MSU’s New Clean Cardboard Initiative

Published On: June 4, 2018

When new recycling initiatives reduce the university’s ecological footprint and save the university money, you can bet that makes everyone happy. The most recent initiative to fall under these categories was led by Sean Barton, operations manager at MSU Recycling, who formulated an idea to overhaul the way MSU separates plastic and cardboard recycled material.

The innovative concept, coined the Clean Cardboard Initiative, calls for sorting and separating cardboard and plastic in the residence halls before it arrives to the campus recycling facility. This, in the long haul, is good for the environment and saves time, energy and money. The initiative kicked off with a Pilot Study in Brody Neighborhood and is now making its way to North Neighborhood.

“Market fluctuations have made us separate cardboard from plastic in every building except RHS areas,” noted Barton in an email to North Neighborhood team members. At just a few weeks into the process, Barton was happy to announce, “So far, we’ve saved one day of sort time for our entire Material Recovery Facility staff!”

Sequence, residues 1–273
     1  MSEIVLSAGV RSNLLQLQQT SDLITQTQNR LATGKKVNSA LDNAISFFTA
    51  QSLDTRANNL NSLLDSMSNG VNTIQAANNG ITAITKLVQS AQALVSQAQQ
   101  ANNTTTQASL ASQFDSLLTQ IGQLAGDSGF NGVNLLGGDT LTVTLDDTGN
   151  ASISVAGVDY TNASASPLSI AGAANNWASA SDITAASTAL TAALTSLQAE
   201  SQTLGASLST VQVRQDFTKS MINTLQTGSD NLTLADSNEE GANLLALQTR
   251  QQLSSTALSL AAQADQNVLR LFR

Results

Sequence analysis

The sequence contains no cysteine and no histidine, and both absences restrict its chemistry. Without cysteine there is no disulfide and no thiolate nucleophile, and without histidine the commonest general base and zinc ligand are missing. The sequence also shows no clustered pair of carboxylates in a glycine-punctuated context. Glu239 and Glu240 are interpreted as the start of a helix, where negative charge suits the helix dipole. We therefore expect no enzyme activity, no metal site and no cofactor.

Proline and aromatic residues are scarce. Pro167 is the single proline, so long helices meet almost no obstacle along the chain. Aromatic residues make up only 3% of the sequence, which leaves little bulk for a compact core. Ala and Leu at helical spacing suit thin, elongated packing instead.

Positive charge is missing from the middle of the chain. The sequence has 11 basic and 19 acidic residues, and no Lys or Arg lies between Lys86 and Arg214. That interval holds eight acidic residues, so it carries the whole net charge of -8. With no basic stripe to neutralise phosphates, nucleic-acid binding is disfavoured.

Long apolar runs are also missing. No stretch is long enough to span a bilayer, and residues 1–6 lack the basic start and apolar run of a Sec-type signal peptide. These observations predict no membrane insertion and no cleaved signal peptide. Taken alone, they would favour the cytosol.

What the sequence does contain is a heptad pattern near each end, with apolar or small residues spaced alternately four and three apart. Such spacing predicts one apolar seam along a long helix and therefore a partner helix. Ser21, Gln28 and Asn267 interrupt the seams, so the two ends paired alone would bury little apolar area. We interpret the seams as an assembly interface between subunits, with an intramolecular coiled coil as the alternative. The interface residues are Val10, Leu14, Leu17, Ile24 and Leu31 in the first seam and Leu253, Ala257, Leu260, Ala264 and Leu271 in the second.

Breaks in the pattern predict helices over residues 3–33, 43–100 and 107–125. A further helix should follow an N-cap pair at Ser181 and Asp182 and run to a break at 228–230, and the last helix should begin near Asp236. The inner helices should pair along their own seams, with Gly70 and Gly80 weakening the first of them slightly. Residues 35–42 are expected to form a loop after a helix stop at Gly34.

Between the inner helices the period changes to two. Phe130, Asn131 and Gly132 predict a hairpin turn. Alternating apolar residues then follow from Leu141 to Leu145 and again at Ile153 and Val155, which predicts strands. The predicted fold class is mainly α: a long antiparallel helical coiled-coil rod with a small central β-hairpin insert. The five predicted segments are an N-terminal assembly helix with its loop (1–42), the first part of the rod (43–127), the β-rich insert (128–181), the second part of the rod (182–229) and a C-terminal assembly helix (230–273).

Recycling one ton of cardboard is worth $180, making it MSU Surplus Store and Recycling Center’s most valuable product. On the other hand, plastic actually costs $40 per ton to recycle, losing the university money the plant otherwise relies on for truck maintenance, gasoline, the building’s mortgage and more.

With the new initiative, the time gained from no longer sorting the materials at the Recycling Center can be used to sort plastic, which results in a purer, higher-value product. It also allows for less cross-contamination.

“Separating the cardboard and plastic results in much cleaner cardboard that is not contaminated with food and the other liquids from plastic collection,” Barton said.

Sixteen carts were recently delivered to North Neighborhood residence halls, allowing for two carts to sit at each loading dock where recycling is collected. Once the bins were placed by facilities, the Clean Cardboard Initiative was in full swing.

“For us, it’s minimal in terms of what we have to do differently,” Hornburg said. “It was an easy fix. It’s just a concern of changing habits of our employees, because the bulk of the material comes from Culinary [where much food contamination can be avoided in sorting].”

Looking forward, it’s a collective goal to have all residence halls and neighborhoods on board with the Clean Cardboard Initiative by the start of the fall 2018 semester.